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The pack/unpack function implements ``serialisation'', or the conversion of an object into a binary form that can be saved to a file or transmitted over the network to a process running in a different memory address space. The obvious strategy of simply sending sizeof(object) bytes starting at address &object doesn't work, as the object may contain members that are implemented using pointers -- eg dynamic strings or arrays. The obvious strategy will simply copy the contents of the pointer, which will not be valid in the destination's address space.

Using the recursive approach, simple data types can be serialised in the obvious way, or even transformed using into a machine independent form such as XDR. Data types such as arrays or strings can be handled in a type dependent fashion by supplying appropriate specialised definitions.

In this case, the pack_t type implements a buffer into/from which the data is packed/unpacked. It has public members char *data; int size which point to the buffer and its size, that can then be used for further functionality such as the checkpoint/restart functionality of Eco Lab.

There are 4 methods of using the pack function on an object --

  1. template <class T> pack_t& pack_t::operator<<(T&)
  2. template <class T> ::pack(pack_t&, string, T&)
  3. template <class T> ::pack(pack_t&, string, is_array, T*, int)
  4. void pack_t::packraw(char *,int)
The classdesc::string argument is not used, just pass "" to it. The third method above is a utility routine for packing arrays of objects, is_array is a dummy type, so just pass the object returned by the default constructor is_array(), then the final two arguments are the array pointer and size respectively. One could easily explicitly loop over the array elements using the first two methods. The last method is used to pack arbitrary byte data into the buffer. It differs from ::pack(pack_t&, string, is_array, char*, int) in that the latter packs a series of characters, which are usually 32 bit quantities. It is thus both more efficient than the latter, as well as providing a means to unpack data stored in packed char format.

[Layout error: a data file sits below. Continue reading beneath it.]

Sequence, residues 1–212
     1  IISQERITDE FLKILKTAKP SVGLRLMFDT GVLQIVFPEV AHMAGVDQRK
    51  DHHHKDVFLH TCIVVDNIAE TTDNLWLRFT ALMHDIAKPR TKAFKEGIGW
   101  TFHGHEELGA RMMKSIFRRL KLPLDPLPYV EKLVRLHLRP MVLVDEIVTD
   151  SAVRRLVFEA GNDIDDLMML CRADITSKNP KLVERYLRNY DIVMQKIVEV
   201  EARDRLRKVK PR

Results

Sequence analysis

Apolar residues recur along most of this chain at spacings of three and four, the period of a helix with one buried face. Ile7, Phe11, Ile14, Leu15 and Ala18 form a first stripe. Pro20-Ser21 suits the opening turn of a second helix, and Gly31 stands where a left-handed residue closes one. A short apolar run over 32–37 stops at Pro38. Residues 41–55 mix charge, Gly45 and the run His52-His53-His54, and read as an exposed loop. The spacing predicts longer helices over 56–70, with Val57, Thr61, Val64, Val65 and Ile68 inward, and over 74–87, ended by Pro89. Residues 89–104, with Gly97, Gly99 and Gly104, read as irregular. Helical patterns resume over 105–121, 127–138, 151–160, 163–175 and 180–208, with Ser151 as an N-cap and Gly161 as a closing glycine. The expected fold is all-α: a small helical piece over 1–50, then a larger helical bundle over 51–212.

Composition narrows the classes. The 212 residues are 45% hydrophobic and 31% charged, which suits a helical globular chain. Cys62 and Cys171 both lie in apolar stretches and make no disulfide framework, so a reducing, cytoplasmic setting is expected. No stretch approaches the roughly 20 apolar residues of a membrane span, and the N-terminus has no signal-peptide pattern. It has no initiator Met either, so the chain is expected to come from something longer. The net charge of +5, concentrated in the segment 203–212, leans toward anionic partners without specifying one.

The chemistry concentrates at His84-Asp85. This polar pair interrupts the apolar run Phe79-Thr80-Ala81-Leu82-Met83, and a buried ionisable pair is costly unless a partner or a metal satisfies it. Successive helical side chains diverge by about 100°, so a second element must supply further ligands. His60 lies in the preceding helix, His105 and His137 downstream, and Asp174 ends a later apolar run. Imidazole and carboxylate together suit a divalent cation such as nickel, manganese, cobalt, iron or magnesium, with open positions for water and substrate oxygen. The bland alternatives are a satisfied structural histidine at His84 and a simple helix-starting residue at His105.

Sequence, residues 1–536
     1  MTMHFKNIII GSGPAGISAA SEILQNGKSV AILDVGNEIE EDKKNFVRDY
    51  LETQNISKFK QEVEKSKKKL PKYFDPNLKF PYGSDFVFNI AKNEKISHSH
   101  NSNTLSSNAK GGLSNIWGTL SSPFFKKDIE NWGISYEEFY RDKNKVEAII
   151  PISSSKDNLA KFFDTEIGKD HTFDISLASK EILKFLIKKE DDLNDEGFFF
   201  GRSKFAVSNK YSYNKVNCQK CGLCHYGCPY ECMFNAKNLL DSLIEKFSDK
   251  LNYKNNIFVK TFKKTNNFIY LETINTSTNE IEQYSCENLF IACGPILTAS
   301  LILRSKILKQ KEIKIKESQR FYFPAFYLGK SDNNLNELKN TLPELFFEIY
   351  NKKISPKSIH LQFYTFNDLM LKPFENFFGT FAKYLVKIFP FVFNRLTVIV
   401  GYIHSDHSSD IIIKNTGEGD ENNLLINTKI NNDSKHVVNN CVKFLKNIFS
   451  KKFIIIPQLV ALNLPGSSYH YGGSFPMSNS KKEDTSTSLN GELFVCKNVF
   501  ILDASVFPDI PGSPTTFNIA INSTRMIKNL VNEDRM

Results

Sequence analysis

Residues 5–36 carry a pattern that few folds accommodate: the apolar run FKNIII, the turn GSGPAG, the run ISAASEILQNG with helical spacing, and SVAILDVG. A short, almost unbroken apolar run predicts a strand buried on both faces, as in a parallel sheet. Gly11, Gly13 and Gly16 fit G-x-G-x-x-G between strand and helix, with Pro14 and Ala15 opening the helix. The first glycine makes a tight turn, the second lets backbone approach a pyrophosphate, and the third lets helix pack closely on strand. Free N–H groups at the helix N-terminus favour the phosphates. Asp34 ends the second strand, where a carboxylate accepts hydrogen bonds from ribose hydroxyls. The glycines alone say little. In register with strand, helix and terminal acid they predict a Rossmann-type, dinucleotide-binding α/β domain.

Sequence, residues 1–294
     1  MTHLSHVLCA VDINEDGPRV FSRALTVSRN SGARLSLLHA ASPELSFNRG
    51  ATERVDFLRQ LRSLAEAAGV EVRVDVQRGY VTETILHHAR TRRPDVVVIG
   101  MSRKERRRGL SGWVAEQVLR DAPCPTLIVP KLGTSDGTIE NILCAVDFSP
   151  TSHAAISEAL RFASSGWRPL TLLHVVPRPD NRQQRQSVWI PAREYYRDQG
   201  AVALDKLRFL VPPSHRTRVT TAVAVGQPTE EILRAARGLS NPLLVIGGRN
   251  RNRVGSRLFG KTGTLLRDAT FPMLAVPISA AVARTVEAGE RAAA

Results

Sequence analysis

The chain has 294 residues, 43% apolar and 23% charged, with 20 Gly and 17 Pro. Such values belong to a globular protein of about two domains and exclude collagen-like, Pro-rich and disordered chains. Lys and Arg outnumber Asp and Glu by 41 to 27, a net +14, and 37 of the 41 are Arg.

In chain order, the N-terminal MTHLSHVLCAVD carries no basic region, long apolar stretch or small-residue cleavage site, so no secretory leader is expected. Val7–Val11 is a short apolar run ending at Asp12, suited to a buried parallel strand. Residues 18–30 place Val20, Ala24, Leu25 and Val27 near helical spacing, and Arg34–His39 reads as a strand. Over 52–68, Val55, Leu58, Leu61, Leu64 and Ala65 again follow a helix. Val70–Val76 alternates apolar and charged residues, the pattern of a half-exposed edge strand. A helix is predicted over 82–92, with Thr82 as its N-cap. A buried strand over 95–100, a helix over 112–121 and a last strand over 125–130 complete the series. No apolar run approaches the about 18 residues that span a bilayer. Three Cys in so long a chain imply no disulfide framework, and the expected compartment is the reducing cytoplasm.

xdr_pack is derived from pack_t. Instead of packing to native data representation, it uses XDR data representation, which is machine independent. The XDR_PACK macro symbol must be defined to enable this functionality, otherwise xdr_pack is synonymous with pack_t, allowing the code to be employed on machines that do not provide XDR functionality.

unpack_t is typedef'd to pack_t, and unpack_base.h is a link to pack_base.h.

In order to use the streaming operators << and >> you need to include the file pack_stream.h, after all the corresponding pack() definitions. This is automatically done by including classdesc_epilogue.h

next up previous contents index
Next: Pointers Up: Classdesc Previous: STL containers   Contents   Index
Russell Standish 2016-09-02